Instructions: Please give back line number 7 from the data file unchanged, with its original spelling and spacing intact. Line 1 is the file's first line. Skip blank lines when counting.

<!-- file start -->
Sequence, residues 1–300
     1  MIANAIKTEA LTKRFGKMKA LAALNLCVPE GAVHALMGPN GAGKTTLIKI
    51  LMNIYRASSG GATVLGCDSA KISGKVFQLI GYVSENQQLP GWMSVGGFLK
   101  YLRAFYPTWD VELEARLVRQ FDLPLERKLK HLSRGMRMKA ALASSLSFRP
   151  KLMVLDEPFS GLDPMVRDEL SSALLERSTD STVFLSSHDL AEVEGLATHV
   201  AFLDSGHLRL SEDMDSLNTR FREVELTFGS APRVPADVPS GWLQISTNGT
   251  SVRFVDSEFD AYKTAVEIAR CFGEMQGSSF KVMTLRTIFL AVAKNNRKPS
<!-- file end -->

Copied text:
   251  SVRFVDSEFD AYKTAVEIAR CFGEMQGSSF KVMTLRTIFL AVAKNNRKPS